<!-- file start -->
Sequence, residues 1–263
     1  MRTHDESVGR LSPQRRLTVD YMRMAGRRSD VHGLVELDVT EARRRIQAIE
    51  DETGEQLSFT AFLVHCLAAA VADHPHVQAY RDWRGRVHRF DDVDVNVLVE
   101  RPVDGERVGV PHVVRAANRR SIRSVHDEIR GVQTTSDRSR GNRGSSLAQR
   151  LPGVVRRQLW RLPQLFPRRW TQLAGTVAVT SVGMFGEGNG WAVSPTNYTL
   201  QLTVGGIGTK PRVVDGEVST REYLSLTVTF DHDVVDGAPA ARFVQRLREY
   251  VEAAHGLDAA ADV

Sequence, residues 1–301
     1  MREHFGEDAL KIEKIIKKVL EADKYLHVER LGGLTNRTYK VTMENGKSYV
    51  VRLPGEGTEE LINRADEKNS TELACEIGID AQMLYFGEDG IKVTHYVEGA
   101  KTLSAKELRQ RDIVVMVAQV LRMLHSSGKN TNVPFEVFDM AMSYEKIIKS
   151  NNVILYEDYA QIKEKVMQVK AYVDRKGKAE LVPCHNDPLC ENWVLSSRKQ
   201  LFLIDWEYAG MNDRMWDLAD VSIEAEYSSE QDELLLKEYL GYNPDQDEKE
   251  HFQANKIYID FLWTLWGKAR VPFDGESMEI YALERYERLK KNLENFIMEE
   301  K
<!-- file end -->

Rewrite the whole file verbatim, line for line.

Sequence, residues 1–263
     1  MRTHDESVGR LSPQRRLTVD YMRMAGRRSD VHGLVELDVT EARRRIQAIE
    51  DETGEQLSFT AFLVHCLAAA VADHPHVQAY RDWRGRVHRF DDVDVNVLVE
   101  RPVDGERVGV PHVVRAANRR SIRSVHDEIR GVQTTSDRSR GNRGSSLAQR
   151  LPGVVRRQLW RLPQLFPRRW TQLAGTVAVT SVGMFGEGNG WAVSPTNYTL
   201  QLTVGGIGTK PRVVDGEVST REYLSLTVTF DHDVVDGAPA ARFVQRLREY
   251  VEAAHGLDAA ADV

Sequence, residues 1–301
     1  MREHFGEDAL KIEKIIKKVL EADKYLHVER LGGLTNRTYK VTMENGKSYV
    51  VRLPGEGTEE LINRADEKNS TELACEIGID AQMLYFGEDG IKVTHYVEGA
   101  KTLSAKELRQ RDIVVMVAQV LRMLHSSGKN TNVPFEVFDM AMSYEKIIKS
   151  NNVILYEDYA QIKEKVMQVK AYVDRKGKAE LVPCHNDPLC ENWVLSSRKQ
   201  LFLIDWEYAG MNDRMWDLAD VSIEAEYSSE QDELLLKEYL GYNPDQDEKE
   251  HFQANKIYID FLWTLWGKAR VPFDGESMEI YALERYERLK KNLENFIMEE
   301  K